Around the World in 80 Days (1989–…): Season 1, Episode 1 - The Challenge - full transcript

OK, sorry. Bye.



Yup. BBC? Yes, I know.
...You want me to what?

You want me to go round the world?

Yeah, but why? You can go
Round the world in 36 hours.

Ah... 80.

80 days, yes.

Oh, I see, and I'd be... I'd be Phileas Fogg.

And we follow the Jules Verne...
And no aircraft, yeah.

I love the idea, smashing idea,
But I don't have 80 days, that's all.

I've got three weeks USA publicity,

A week with Brando in Tahiti,
Then Stockholm for the Nobel thingy,

Then I'm doing "Hamlet" in Moscow
For the British Council, so I have no time.

It's the usual story. I spend my life
Travelling and seeing nothing at all.

There's no time. Air travel
Is just a way of seeing airports.

Real travel is what you buy in bookstands
And read about in seat 39K.

Whoever nowadays could afford 80 days
To go around the world?

Well, somewhere in the middle of another
Flight to another anonymous airport,

I decided that perhaps, after all, I could.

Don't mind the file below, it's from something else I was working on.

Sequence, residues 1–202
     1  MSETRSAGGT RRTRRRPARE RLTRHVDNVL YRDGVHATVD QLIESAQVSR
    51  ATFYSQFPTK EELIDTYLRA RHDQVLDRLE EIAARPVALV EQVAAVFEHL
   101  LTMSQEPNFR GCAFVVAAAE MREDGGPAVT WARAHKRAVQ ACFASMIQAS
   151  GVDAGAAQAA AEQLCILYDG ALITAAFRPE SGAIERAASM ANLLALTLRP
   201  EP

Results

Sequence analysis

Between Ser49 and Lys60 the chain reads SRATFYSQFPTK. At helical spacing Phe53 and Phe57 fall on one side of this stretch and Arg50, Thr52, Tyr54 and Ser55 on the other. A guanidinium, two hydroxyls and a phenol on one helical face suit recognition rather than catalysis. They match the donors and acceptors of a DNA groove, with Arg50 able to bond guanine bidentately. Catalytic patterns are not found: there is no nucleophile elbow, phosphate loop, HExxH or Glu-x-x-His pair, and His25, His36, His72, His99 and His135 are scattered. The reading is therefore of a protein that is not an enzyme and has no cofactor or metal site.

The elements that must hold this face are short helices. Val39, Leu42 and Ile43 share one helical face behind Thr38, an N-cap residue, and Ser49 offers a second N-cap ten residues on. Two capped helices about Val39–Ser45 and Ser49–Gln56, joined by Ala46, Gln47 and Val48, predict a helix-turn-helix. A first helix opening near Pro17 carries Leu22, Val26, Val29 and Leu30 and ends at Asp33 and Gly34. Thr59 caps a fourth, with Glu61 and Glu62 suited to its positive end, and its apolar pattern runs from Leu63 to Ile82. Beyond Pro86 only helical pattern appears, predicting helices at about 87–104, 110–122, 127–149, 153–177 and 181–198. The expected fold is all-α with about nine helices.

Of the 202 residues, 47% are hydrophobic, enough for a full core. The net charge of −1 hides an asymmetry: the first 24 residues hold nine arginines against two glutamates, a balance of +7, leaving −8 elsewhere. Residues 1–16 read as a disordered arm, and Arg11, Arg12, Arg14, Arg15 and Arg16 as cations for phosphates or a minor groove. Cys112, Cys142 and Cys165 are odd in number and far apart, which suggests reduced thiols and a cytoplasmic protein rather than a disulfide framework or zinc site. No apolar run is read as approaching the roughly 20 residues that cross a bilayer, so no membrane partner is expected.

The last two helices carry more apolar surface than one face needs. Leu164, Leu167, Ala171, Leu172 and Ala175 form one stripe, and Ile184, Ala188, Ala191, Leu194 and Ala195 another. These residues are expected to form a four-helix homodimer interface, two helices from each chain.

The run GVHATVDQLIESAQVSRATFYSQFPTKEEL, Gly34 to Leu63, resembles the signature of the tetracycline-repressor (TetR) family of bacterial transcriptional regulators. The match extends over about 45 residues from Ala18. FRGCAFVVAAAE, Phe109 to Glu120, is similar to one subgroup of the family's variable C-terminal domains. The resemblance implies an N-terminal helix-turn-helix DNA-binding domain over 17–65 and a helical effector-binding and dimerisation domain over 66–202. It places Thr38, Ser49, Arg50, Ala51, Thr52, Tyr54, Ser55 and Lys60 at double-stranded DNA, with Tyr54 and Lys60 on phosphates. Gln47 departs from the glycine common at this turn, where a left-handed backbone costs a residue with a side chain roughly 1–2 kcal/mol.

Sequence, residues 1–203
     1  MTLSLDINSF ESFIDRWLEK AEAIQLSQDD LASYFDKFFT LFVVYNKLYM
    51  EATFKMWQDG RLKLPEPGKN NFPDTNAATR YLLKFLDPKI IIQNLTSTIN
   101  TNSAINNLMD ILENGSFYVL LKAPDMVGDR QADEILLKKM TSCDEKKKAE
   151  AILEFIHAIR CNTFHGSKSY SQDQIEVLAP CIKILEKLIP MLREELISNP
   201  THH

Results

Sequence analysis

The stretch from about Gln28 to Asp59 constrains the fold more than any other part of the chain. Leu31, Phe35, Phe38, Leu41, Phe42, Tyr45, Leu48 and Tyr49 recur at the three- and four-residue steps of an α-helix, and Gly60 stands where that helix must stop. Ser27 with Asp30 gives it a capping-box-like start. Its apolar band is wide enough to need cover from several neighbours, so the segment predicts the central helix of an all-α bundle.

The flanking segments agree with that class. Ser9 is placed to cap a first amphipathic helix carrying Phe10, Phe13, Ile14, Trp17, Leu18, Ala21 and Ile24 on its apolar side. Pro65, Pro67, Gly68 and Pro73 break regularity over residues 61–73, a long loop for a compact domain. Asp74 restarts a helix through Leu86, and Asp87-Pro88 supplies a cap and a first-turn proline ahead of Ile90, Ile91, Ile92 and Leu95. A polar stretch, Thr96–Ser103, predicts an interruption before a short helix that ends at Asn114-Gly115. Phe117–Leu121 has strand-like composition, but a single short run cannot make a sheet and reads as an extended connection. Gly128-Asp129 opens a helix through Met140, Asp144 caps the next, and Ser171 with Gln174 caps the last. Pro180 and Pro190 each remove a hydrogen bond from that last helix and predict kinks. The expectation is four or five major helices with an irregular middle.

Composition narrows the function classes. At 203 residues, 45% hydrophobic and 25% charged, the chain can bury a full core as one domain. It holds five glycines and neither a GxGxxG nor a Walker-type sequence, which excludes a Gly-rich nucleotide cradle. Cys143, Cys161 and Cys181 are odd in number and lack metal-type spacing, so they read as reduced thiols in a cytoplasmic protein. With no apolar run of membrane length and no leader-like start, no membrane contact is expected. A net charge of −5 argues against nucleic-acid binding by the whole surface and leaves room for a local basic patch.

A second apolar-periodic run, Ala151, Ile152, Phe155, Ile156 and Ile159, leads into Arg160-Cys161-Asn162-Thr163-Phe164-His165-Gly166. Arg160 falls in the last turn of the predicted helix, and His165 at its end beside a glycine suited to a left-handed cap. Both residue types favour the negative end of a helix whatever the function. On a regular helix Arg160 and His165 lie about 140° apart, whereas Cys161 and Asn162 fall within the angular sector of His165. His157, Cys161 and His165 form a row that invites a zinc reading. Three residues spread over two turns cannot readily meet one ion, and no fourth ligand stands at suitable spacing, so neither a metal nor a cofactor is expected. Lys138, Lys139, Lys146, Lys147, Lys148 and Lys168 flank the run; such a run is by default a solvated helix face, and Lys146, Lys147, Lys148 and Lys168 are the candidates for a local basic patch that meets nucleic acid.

I really want to travel light.

Fogg hardly took anything at all.

All those books!
You'll never get them in that bag.

A sweater as well... You'll need a sweater.

I need these. This is survival.
I need all those.

I don't think you'll need all those.

But this might be the big chance
To get past page seven!

I can jettison those, you're right.

You don't need that.

I got that in Turkey! It's what I need.

You don't. You can buy another one.

Doesn't fit anyway. Ho... Ha!

Tommy Cooper impressions
Won't be appreciated!

What about my running shoes?
I've got to keep fit.

- OK, right.
- The books on the bottom.

And there are too many books.

And i've got my drugs, all my drugs.
17 ways of avoiding diarrhoea.

Just stick the bottle up... Anyway, mustn't.